"We want to develop these virtual test beds so we can use it in the conceptual phase and to run thousands of 'what if' scenarios," says Robotham. "For example, we could see what happens when the aircraft flies faster and therefore ask the question would the sensor need twice the range if the aircraft is going twice the speed?
"The point is what might be a valid robust solution for one aircraft might not translate into another environment. We want to be able to use this analysis in the conceptualisation of new sensors so you can specify the requirement and that is going to drive future specification."
The VEC is also very much about using virtual reality to offer an 'immersive experience' to those that use its facilities. Perhaps the centre piece for all of this is its 6.0m x 2.1m active wall which allows visualisation on a 1:1 scale with things as large as Bentley cars and even aircraft wing spars. The entire system was supplied and installed earlier this year by Cheshire based Virtalis.
The active stereo projection system is synchronised to 3D glasses to give depth perception to the models which offer engineers a very realistic perspective of what it is they are trying to create. Bentley Motors sent the VEC the CAD data for one of their cars and a physical mock up of its seat and a steering wheel. By tracking the position of seat, steering wheel and the 3D glasses the virtual and real worlds can be integerated so that the onscreen image moves with the movements of the user's head. Additionally the index finger is tracked. The result is that by sitting in the chair, engineers can very accurately project where the dashboard dials should be, the sunroof controls, and radio controls.
"The designers wanted to be able to rest their hand on the gearstick and be able to touch the centre console button," says Robotham. "This allows them to exactly design that in, and visually see it was achieved, before it was ever built.
"When you sit in the seat you get a sense of looking across the car, the size of the cabin inside, the wing mirrors; we have found that engineering decisions and interpretation are greatly aided through advanced visualisation. Bentley has even used it to tune the intensity of the LEDs in the dashboard and have used that data to actually drive the LEDs they've ordered."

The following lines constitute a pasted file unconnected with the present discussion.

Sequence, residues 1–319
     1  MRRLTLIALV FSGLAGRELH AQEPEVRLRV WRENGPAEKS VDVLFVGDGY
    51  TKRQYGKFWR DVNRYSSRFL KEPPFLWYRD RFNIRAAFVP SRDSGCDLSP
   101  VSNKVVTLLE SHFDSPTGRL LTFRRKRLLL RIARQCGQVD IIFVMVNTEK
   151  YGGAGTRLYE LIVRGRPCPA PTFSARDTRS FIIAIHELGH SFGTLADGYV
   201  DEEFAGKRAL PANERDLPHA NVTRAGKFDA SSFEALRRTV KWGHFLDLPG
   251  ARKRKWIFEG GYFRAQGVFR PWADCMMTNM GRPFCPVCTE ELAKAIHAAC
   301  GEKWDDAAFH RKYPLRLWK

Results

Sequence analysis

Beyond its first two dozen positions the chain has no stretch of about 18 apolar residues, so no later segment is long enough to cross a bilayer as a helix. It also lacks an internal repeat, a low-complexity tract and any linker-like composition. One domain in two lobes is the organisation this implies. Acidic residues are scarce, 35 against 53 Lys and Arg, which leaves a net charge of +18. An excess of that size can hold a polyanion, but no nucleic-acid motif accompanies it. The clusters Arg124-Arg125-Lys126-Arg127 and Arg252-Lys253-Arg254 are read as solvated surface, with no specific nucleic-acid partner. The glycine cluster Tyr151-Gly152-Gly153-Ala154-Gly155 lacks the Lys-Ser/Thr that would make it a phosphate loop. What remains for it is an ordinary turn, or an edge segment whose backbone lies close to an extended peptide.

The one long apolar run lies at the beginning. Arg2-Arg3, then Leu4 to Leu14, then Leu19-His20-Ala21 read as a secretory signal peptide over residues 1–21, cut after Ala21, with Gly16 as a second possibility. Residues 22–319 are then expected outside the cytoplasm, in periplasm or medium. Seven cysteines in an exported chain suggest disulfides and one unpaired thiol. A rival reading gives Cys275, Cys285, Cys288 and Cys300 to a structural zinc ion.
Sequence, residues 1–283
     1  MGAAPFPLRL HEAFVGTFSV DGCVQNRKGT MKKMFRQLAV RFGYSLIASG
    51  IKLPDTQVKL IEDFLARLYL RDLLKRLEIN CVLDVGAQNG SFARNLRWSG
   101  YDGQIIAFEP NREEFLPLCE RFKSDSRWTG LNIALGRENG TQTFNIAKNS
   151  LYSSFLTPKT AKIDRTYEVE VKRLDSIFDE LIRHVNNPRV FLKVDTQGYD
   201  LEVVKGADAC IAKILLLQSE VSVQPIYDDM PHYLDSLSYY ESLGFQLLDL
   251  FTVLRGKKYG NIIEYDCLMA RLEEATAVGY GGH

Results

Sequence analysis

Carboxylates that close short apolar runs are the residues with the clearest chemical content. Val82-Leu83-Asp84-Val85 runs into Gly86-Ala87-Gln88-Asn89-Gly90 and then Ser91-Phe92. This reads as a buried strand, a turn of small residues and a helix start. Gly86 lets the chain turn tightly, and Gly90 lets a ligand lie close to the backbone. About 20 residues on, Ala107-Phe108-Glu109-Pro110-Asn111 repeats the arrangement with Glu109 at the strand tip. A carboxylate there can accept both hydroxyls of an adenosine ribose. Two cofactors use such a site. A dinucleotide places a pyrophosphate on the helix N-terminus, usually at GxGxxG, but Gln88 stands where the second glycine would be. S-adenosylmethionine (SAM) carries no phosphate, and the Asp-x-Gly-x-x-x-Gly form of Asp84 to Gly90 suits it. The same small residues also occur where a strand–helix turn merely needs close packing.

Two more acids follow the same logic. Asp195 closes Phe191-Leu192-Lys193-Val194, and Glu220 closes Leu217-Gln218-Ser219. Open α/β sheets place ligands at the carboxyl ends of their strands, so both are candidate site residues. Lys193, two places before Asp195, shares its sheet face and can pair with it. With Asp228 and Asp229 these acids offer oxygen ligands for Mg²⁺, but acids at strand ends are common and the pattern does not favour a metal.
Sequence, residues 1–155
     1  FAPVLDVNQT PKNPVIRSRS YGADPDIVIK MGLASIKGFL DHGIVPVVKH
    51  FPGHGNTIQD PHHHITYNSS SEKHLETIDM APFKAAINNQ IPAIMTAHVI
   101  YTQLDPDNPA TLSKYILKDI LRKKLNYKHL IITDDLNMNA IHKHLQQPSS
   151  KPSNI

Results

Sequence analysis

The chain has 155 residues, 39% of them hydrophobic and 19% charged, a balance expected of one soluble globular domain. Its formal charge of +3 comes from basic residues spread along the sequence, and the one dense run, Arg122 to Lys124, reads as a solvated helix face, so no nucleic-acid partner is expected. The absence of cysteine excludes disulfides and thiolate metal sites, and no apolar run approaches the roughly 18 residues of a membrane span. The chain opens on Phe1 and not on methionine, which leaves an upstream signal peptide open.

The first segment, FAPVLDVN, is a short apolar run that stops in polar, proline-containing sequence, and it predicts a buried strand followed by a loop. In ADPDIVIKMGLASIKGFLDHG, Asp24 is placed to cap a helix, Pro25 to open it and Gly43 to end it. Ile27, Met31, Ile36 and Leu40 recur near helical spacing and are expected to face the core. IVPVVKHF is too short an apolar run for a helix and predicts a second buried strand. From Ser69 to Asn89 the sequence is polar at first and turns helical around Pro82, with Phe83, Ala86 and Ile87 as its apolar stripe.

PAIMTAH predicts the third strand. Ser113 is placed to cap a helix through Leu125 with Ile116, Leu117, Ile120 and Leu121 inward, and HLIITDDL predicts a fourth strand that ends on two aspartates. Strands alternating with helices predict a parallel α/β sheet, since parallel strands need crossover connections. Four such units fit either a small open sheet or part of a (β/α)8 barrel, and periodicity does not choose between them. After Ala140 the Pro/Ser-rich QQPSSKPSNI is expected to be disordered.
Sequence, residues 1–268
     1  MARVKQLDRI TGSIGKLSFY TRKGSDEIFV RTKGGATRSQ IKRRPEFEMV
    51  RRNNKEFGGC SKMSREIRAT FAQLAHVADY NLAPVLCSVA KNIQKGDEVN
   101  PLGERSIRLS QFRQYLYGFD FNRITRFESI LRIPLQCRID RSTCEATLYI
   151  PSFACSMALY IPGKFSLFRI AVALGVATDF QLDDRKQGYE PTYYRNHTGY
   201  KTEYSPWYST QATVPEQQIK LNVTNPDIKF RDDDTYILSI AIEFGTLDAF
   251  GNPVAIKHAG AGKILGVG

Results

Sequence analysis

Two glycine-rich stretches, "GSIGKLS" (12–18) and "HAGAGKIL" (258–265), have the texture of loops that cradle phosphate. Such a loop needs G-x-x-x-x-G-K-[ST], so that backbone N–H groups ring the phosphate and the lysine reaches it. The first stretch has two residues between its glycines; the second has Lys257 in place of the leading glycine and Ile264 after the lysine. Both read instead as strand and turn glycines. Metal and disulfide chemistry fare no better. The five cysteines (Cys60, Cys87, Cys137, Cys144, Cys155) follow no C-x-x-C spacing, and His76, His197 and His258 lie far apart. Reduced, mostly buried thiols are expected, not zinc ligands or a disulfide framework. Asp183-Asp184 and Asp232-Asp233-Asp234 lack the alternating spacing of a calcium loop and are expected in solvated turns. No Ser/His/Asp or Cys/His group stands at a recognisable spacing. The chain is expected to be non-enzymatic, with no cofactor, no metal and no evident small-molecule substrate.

To further aid the immersive experience, the VEC is using haptic devices to interact with CAD models. Its desktop mounted device by Haption, the Virtuose 6D Desktop, uses three articulated branches attached in parallel to a cylindrical handle to provide six degrees of freedom, all with force-feedback. The device is in a separate laboratory and is used to check component clashes and also for other manual tasks.
"What we found was that the small desk mountable device was easier to use in a desktop setting with a head mounted display," says Robotham. "The tasks it is used for need to be close up with very fine controlled movements. We are getting cyber gloves which are wireless gloves to allow control and interaction of the virtual hand models on the large active wall."
The VEC's link to the Daresbury Science and Innovation Campus allows it access to high performance computer power. That means that it can perform 1000's of simulations. But critically it also gives them the means to display, visualise, and explore the findings. The result is a virtual world where possibilities can be measured and tested, ideas developed, and concepts forged.
The power of modern virtual simulation might one day completely do away with physical testing. But for the meantime advanced simulation and immersive virtual reality means that more ideas can be explored early in the conceptualisation phase so that when manufacture does come round the product will be right first time. One thing is for sure, virtual engineering is here to stay and will continue to become more realistic and play an increasing role in helping engineers innovate.